Cortico-spinal embodiment of newly acquired, action-related semantic associations

Carmelo Mario Vicario, Matteo Candidi, Salvatore Maria Aglioti

Research output: Contribution to journalArticlepeer-review


Background Behavioral and neurophysiological studies indicate that the semantic derivation of the motor skills of a given model (e.g., famous tennis or soccer athlete) modulates the reactivity of arm and leg cortico-spinal representations of an onlooker who performs a categorization task. Information on the possible plastic nature of the sensorimotor mapping of action-related knowledge is still lacking. Objective/hypothesis Here we explored the time course of any cortico-spinal excitability modulation induced by the creation of arbitrary associations between a personal name and tennis- or soccer-related motor skills. Methods We recorded the amplitude of Transcranial Magnetic Stimulation (TMS) Motor Evoked Potentials (MEPs) from arm and leg muscles during a categorization task concerning names that were learned in association with either soccer players, tennis players or control, non-motor, identities (actors). We stimulated the cortico-spinal system and recorded the MEPs at three different time points (0-24-72 h) after the association learning. Results Coherently with previous literature we found a relative dissociation of leg muscles MEPs during reading of soccer-associated personal names with respect to tennis ones. Importantly this modulation was measured only 72 h after having learned the association. This effect was not found in the arm muscle. Conclusion The results suggest that for the process of embodying semantic associations in the motor system to take place, the strength of the association itself needs to rise above some level of consolidation.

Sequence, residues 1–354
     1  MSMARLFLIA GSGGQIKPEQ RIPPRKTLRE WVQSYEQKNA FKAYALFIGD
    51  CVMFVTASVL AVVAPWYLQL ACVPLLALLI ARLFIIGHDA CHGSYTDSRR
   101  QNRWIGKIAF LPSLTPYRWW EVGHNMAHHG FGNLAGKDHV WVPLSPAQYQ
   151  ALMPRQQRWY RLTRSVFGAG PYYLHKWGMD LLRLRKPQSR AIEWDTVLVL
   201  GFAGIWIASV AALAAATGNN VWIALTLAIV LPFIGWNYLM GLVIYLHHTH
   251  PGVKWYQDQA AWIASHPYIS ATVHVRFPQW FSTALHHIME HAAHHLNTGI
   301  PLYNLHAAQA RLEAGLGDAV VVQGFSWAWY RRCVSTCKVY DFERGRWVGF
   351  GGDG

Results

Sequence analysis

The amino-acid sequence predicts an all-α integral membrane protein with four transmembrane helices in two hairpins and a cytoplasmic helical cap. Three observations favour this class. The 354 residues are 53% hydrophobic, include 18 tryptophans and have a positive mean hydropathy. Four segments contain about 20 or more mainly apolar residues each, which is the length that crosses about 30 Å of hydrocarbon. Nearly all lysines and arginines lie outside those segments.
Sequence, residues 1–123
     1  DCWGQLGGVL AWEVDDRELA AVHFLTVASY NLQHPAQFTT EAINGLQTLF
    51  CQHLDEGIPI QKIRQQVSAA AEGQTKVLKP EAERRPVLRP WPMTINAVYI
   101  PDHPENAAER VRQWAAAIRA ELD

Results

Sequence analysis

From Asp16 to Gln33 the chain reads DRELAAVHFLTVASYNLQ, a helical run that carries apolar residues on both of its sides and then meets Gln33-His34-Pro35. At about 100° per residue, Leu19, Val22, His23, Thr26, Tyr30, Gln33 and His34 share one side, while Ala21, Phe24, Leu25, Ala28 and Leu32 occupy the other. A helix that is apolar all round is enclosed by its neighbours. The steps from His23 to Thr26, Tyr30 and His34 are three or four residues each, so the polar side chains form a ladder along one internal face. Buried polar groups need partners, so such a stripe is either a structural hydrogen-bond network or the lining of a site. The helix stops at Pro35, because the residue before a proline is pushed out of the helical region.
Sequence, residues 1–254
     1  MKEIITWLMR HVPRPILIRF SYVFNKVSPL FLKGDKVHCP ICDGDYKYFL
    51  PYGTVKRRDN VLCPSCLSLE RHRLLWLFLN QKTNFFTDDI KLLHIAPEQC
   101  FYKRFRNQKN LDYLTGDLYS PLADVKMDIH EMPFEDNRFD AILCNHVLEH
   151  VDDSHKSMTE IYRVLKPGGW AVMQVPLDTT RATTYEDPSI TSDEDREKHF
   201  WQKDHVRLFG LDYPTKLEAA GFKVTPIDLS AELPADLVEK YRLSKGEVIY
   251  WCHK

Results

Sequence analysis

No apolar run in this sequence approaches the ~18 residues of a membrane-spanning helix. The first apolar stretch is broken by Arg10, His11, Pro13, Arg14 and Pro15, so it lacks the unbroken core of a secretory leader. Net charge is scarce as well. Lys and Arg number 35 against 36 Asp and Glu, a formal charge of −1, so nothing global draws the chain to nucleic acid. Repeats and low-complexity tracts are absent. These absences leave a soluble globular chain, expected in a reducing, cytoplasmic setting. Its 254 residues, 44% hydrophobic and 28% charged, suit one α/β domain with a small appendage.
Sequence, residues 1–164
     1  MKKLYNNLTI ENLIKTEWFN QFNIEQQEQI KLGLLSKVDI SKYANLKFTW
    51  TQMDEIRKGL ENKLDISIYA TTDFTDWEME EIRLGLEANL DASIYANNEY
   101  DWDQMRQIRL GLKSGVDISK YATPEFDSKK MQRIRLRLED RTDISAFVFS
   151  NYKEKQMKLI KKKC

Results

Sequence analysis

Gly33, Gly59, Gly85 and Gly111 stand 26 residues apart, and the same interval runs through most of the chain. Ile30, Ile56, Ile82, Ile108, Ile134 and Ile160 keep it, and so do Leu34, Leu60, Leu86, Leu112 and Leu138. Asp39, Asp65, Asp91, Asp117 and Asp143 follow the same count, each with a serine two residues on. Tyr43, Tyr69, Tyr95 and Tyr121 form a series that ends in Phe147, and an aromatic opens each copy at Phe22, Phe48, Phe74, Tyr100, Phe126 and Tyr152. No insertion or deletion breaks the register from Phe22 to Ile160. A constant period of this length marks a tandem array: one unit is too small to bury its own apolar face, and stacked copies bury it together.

Original languageEnglish
Pages (from-to)952-958
Number of pages7
JournalBrain Stimulation
Issue number6
Publication statusPublished - Nov 2013


  • Embodied cognition
  • Memory consolidation
  • Motor evoked potentials
  • Semantic learning
  • TMS

ASJC Scopus subject areas

  • Clinical Neurology
  • Neuroscience(all)
  • Biophysics


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